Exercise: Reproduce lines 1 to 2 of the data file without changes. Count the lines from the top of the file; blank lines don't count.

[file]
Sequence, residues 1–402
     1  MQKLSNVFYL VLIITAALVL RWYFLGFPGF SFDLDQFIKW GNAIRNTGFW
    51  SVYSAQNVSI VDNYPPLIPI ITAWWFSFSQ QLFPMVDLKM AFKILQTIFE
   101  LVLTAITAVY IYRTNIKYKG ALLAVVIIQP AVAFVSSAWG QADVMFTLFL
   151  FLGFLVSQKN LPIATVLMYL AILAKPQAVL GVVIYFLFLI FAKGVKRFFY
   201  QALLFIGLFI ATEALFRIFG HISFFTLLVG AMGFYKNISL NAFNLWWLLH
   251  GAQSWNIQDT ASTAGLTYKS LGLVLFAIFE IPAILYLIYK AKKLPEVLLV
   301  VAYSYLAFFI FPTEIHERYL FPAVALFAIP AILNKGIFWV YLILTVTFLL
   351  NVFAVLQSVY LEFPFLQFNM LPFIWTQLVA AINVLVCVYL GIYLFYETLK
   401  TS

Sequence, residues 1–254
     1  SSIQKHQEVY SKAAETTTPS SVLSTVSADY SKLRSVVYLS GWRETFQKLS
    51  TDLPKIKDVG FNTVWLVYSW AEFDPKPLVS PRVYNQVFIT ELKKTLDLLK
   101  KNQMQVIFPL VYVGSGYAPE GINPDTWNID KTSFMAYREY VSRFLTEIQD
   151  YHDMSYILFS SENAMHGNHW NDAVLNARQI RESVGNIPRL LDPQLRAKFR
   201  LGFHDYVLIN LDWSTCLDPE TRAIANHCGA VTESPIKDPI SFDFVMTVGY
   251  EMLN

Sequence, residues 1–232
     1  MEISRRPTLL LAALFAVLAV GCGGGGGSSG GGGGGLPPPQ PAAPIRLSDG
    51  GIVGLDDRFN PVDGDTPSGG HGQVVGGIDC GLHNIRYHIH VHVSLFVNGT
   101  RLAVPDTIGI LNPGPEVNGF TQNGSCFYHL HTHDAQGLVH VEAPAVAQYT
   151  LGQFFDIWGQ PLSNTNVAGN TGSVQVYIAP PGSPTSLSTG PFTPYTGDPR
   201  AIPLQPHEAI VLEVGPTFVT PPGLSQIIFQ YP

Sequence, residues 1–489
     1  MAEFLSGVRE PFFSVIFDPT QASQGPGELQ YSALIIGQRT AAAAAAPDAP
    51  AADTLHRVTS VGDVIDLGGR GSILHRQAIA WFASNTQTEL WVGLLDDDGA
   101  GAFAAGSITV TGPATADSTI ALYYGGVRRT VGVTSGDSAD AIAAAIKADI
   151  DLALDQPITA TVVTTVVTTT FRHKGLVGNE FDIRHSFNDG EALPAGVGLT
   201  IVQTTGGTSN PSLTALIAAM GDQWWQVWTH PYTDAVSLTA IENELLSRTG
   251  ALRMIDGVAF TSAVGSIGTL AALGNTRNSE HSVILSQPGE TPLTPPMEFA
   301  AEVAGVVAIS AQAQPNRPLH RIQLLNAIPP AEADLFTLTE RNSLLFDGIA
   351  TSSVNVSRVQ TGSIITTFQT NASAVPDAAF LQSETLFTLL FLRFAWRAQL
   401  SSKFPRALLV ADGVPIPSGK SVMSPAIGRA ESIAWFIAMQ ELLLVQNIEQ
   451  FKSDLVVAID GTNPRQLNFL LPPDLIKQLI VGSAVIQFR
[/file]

Sequence, residues 1–402
     1  MQKLSNVFYL VLIITAALVL RWYFLGFPGF SFDLDQFIKW GNAIRNTGFW